The community is caught between being judged due to societal morals and being accorded their democratic rights. On the one hand, the state is committed to democratisation by focusing on building an egalitarian society based on equitable rights and principles. On the other hand, the state is hindered by its sexual minorities being susceptible to socio-cultural stereotypes. The deepening of democratic ideals is hindered by the hold of orthodox moral codes, such as patriarchal codes banning LGBTQ+ individuals. A major shift the striking down of Section 377 in 2018 signalled was moving beyond tolerance and towards embracive acceptance of LGBTQ+ individuals. This contrasts with the government’s stance which has ignorantly decried the community’s needs. Identity, dignity, health, and privacy of the community were upheld in the verdict. Individual choice was celebrated and hailed as the ‘essence of liberty under the law.’
The verdict signalled a set of progressive policies: For instance, Kerala enforced the transgender option in applications related to identity documentation. In fact, a transgender policy was introduced to ensure implementation of the Right to Equality for transgendered people in the state. As per the judgement, the policy gave way to self-identification of individuals as transgender. A district-level transgender board was also set up for the registration of identification cards. In line with Diversity and Inclusion Policies, Godrej Industries created the Indian Culture Lab to create an atmosphere of community inclusion and involvement through human rights advocacy. Keshav Suri Foundation has several similar initiatives within the hospitality industry. Tata Steel’s Diversity and Inclusion Initiative, MOSAIC focused on knowledge building on certain key elements of employment such as sensitisation, workplace development and retention.Although policy has a long way to go before becoming actionable, one must realise the argument that diversity of individuals from the LGBTQ+ community improves the economic efficiency of workplaces, promotes wellness, and supports vital pillars of work, such as productivity, performance, and retention. This has been bolstered by the fact that the needle has moved towards equality due to legislations. The road towards gender neutrality and gender-friendly policy-making might seem onerous. However it is easily traversed when organisations and industries begin the journey.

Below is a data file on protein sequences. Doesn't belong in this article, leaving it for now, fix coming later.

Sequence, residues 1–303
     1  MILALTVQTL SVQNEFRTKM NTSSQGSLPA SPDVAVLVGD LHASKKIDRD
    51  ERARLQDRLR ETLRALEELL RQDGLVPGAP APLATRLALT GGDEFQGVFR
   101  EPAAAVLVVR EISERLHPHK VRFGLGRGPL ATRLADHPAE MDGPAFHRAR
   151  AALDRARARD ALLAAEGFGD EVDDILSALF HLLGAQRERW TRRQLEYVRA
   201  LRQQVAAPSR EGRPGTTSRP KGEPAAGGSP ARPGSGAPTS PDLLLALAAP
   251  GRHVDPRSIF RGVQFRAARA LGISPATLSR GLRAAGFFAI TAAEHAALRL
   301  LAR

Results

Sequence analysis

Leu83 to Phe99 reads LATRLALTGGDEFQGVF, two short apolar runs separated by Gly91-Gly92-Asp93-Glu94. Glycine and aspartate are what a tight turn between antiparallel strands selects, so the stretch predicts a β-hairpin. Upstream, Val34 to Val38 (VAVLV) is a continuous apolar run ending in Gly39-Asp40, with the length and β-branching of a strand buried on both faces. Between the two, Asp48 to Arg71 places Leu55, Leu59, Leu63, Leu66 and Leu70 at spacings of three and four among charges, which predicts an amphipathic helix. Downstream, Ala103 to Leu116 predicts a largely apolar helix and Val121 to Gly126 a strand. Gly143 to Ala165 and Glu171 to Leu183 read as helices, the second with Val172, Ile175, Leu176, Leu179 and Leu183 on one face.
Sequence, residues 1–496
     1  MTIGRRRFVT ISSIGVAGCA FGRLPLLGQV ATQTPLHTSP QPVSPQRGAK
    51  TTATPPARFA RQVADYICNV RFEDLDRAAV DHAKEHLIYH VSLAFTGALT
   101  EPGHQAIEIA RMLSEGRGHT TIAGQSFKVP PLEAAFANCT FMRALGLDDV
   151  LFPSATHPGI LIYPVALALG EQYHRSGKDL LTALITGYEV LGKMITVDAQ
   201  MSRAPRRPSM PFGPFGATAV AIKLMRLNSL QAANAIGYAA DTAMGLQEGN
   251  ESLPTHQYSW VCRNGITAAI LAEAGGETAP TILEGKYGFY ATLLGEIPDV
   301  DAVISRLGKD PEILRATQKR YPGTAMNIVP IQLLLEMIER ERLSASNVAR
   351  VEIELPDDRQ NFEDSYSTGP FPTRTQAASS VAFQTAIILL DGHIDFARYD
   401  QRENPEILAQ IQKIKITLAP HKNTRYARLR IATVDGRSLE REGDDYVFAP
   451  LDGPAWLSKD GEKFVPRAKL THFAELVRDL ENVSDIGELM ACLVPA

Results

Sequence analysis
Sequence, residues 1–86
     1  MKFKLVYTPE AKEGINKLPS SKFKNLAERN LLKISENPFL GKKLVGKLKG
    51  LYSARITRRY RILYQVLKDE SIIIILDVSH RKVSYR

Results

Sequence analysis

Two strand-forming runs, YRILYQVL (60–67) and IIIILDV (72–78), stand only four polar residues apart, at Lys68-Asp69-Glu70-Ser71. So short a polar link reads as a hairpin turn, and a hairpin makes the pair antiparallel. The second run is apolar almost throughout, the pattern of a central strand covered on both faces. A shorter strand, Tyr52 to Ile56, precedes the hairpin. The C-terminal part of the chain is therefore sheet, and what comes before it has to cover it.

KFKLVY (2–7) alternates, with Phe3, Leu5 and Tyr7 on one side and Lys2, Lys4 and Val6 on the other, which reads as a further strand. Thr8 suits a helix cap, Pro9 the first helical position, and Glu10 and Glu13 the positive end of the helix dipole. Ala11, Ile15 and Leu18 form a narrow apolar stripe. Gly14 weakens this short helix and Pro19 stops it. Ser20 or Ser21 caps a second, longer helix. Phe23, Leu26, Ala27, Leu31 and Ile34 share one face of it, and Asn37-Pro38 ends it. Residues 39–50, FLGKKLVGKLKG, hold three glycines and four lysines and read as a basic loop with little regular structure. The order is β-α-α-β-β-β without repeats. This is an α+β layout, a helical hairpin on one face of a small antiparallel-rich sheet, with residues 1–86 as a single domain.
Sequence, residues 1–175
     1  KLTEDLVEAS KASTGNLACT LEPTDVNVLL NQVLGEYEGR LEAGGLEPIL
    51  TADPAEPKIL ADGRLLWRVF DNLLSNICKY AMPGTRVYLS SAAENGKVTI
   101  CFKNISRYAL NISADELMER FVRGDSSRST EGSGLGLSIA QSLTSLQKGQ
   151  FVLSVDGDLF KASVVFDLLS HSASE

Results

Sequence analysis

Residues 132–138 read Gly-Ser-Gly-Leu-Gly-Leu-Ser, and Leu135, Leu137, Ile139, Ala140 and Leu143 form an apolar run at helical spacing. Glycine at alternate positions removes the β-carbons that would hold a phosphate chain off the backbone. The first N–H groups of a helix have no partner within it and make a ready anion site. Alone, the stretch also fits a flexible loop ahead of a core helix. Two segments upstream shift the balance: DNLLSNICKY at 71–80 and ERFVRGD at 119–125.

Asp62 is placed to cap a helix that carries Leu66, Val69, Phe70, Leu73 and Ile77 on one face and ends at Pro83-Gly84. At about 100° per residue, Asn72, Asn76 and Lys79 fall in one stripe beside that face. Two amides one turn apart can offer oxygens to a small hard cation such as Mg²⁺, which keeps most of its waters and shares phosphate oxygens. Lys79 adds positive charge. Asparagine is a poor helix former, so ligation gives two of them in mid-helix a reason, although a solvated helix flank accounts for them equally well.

*The Kautilya School of Public Policy (KSPP) takes no institutional positions. The views and opinions expressed in this article are solely those of the author(s) and do not reflect the views or positions of KSPP.